27 November, 2008 - 23:00 By Staff Reporter

Martin King of LCG Bioscience

Backgrounder: LCG Bioscience is a specialist clinical research organisation for exploratory and early phase clinical development. Established in 1993 it performs Phase I and Phase IIa clinical studies and laboratory analysis for all phases. It has particular expertise in studies that require biomarkers, complex clinical procedures, special populations, or surrogate pharmacodynamic endpoints. It has specialist facilities for respiratory and sleep trials.

It is estimated that 30-35 percent of the population are suffering from insomnia but are reluctant to use medication because of fears of side effects or dependency. Many new drugs are in development, which aim to meet the ideal criteria for safe, effective hypnotics. Sleep medicine expert Martin King joined LCG Bioscience to pioneer a new facility that will enable both early-stage and late-stage clinical trials on new compounds for improving sleep and respiratory health.King, the former Head of the Sleep Laboratory at Papworth Hospital, has an extensive knowledge of diagnosis and treatment of sleep disorders and has been actively involved in professional sleep societies for many years. He has developed techniques to accurately diagnose and quantify sleep disorders, and has seen huge numbers of patients. He has participated in the development of international measurement standards and has collaborated with researchers across Europe and the USA.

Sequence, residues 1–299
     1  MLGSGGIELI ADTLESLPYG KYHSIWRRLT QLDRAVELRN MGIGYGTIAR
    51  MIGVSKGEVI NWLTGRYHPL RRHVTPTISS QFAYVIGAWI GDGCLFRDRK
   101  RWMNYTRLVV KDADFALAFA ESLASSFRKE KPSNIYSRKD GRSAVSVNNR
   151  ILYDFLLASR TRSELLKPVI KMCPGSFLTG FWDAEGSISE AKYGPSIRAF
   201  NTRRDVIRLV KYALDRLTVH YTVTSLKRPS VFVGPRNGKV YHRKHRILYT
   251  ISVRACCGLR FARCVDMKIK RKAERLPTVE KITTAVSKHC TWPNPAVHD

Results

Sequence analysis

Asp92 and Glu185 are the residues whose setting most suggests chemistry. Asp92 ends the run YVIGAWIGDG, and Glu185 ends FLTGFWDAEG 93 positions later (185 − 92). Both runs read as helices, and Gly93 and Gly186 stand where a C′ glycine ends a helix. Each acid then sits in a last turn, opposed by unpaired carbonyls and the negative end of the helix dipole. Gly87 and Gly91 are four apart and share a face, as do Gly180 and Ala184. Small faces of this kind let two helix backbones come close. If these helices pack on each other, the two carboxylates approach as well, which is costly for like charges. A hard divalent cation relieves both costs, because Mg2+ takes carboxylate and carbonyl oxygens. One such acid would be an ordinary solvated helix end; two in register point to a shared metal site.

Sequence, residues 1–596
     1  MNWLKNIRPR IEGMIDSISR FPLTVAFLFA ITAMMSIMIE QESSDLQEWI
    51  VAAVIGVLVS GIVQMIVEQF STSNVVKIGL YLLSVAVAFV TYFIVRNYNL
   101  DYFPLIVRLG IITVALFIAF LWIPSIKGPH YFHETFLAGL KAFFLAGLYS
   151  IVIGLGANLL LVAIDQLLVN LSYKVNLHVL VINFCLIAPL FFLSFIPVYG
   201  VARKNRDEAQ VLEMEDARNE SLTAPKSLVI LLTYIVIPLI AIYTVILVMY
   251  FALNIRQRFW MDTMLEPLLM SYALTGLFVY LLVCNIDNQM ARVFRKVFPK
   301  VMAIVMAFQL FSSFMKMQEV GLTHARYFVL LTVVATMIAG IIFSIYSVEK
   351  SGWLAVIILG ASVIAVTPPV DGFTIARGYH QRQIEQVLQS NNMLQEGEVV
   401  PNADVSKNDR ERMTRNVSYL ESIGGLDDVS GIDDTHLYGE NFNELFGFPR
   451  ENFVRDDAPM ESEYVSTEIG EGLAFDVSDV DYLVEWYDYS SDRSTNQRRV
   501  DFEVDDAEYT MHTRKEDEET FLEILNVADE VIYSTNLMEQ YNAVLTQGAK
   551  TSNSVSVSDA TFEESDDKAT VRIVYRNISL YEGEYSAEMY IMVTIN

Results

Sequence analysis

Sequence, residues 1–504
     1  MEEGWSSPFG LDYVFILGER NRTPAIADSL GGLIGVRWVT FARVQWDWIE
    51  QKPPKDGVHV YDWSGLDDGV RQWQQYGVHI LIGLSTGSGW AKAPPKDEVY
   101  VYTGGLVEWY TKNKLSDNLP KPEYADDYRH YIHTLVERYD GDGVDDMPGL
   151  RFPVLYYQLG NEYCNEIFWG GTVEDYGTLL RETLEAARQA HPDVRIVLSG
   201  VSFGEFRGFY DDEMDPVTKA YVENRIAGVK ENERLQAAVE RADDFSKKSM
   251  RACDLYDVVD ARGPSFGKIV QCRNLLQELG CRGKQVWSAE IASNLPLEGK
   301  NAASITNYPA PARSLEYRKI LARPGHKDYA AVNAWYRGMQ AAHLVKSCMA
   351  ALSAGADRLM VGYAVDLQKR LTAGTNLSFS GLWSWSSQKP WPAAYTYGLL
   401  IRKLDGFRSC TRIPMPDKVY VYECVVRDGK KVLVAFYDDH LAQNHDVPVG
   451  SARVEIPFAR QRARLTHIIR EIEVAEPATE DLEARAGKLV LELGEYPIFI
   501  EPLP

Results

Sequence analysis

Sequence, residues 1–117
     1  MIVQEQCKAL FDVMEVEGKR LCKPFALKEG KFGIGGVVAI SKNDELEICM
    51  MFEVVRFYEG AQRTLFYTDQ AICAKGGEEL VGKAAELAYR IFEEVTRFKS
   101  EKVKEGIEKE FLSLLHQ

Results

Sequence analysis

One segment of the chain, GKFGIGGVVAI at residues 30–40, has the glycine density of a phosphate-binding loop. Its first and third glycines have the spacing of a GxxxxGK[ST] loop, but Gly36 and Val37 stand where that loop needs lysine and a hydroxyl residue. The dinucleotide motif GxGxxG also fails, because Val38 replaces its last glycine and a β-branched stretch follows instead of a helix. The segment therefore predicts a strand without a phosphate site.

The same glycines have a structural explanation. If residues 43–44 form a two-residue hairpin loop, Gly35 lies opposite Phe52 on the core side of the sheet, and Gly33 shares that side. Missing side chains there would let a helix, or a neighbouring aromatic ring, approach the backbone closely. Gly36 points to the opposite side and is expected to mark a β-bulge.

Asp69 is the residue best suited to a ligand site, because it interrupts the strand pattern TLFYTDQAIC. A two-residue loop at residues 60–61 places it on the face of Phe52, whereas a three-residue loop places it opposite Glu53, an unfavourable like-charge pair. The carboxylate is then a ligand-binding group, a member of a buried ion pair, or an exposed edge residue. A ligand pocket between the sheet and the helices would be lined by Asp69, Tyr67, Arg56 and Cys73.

1. How did you become interested in sleep?In the mid-1980s I read an article that proposed a new treatment for a common sleep disorder, sleep apnoea, which is when a person stops breathing temporarily during sleep. I was working as a technologist at Guys Hospital at the time and had just seen a patient suffering with this complaint.I decided to try to build the apparatus described in the article myself, and to measure its effectiveness. To do this, I had to borrow equipment from many of the hospital’s departments, including neurology, cardiology, and medical physics. I ended up with a bank of monitors and paper recorders that would generate miles and miles of paper charts!As a result of this I developed a theoretical understanding of clinical sleep medicine. I found the subject fascinating, and my technical experiments evolved into research.But it was that first article that got me hooked!2. LCG's sleep laboratory is still a relatively recent development. How are things progressing?The sleep laboratory is going extremely well. We begin our first large-scale clinical trial in the sleep lab in January 2009. This will involve people suffering from insomnia, and will test a compound that is designed to help people fall asleep and stay asleep. We will assess the compound’s efficacy both with complex sleep studies in our purpose-built unit, and with home monitoring of symptoms and of daytime performance and wellbeing. Participants in the trial will come in around seven times over a couple of months to do overnight studies.We are in discussions with companies who are developing treatments for sleep disorders, but also with companies who are working on medications for other conditions which may affect sleep in some way – either positively or negatively. We have the facilities and expertise here to carry out studies on all aspects of sleep.3. Why is sleep research important to a clinical research organisation like yours?Sleep research is an important element of clinical research because not only are sleep complaints very common, there are also many medications devised to treat other ailments that have unintentional adverse effects on sleep. Sleep disorders are not just caused by lifestyle factors like too much caffeine or overwork – poor sleep can be an indication of an underlying medical disorder.Having the capabilities to do in-depth sleep studies enables us to provide not only an assessment of brain function and physiology but also of behaviour and performance when taking medication, such as reaction times, memory function and so on, because certain drugs can cause drowsiness. We also have expertise with biochemistry and can do laboratory tests to identify the underlying physiological changes that bring about a person’s observed symptoms, for instance the effects that Parkinson’s Disease has on a person’s sleep.4. How well is the science of sleep understood?Sleep is a relatively new discipline. That said, there are already 89 identified sleep disorders and the list is growing all the time.There is a great deal of interest in the field. For instance, when the treatment for sleep apnoea was developed, there were more articles published in the medical journals on this subject in an 18-month period than on any other medical or psychiatric complaint.There have been some huge surveys in recent years demonstrating the prevalence of sleep complaints, and also their impact on our health, safety and wellbeing. As well as the obvious things like increased incidence of road traffic accidents when drivers are sleep deprived, researchers have also identified less apparent effects, for instance a link has been made between breast cancer and the levels of the sleep hormone melatonin. We are learning new things all the time, which makes it a very exciting field to work in.5. What is driving the increased commercial interest in the field?Sleep disorders are incredibly common – insomnia affects up to 30% of the population at any one time, and around 10% of people have significant ongoing problems sleeping. As a result, there is a quest to develop a drug that will help people fall asleep, stay asleep and wake up feeling refreshed. Of course, such a drug must also have a good safety profile and no side effects. While significant strides have been made in this direction, the perfect compound remains elusive.6. What else does LCG Bioscience do, apart from sleep research?LCG Bioscience has been conducting early-stage clinical trials for over 16 years, and has built up a particular expertise in pharmacodynamics and pharmacokinetics. We have an excellent track record of doing first-in-human studies and also of conducting trials in patient groups to examine the efficacy of target compounds.It is important to obtain the maximum amount of information and data from each study that we undertake. LCG Bioscience helps to ensure that studies are designed and conducted in the most effective way to help bring new medicines to the market as safely and quickly as possible. At least part of this is done by making use of our biomarker laboratory, which can extract greater amounts of detailed information from a single clinical trial and enhance early decision-making.7. The current economic climate is possibly creating a few sleepless nights. Do you have any tips for restful nights?‘Put your day to bed’ – make a list of what you’ve done and what needs doing, and sign off your day. That way, you don’t go to bed worrying about things that you can’t deal with until tomorrow.Don’t have technology in the bedroom – bedrooms are for sleeping. If you define what goes on there, and ban email, television, and even mobile phones, you can create a relaxing haven that puts you in the mood for sleep simply by entering. It goes without saying that you should keep work items out of the bedroom too.Try to eat before 8pm, limit your alcohol intake, and avoid caffeine after 6pm. All these things can cause sleep disturbances.Give yourself time to wind down and relax before bed. A warm bath can help, and although there’s no scientific evidence for hot milky drinks, they may have a soothing psychological effect by putting you in the mood for sleep.8. I understand you are closely examining the possibility of remote sleep monitoring - studying people in their own homes. How is this going?Remote sleep monitoring is already a reality. We use wrist-mounted devices that can measure a range of parameters including movement, pulse, electrical activity and so on. These can also be used by patients to record instances of symptoms at any time of the day or night.A wrist-mounted electronic diary can also be made interactive, prompting the wearer to answer questions or input a response at a particular time, or at specific intervals. This could include rating mood or checking reaction times.These kinds of devices provide an opportunity for naturalistic home study, but the trade-off is a loss of control by the researcher. You have to trust your patients that they aren’t getting help answering the questions!9. How important has the wider Cambridge Life Sciences cluster been to your activities?Being in this area has been extremely important to us. This is an incredibly vibrant area for life sciences, and there are huge benefits that come from collaborating with other researchers in the same geographical area. The range of companies based here is really diverse, so there are terrific synergies to be explored.10. What three things most keep you awake at night?I’m very bad at sticking to the advice I give to other people! Only last night I was still working on my computer at 11:45pm – not the best way to ensure a good night’s sleep.I also suffer from backache, which can sometimes keep me awake.But the worst problem I have is – owls!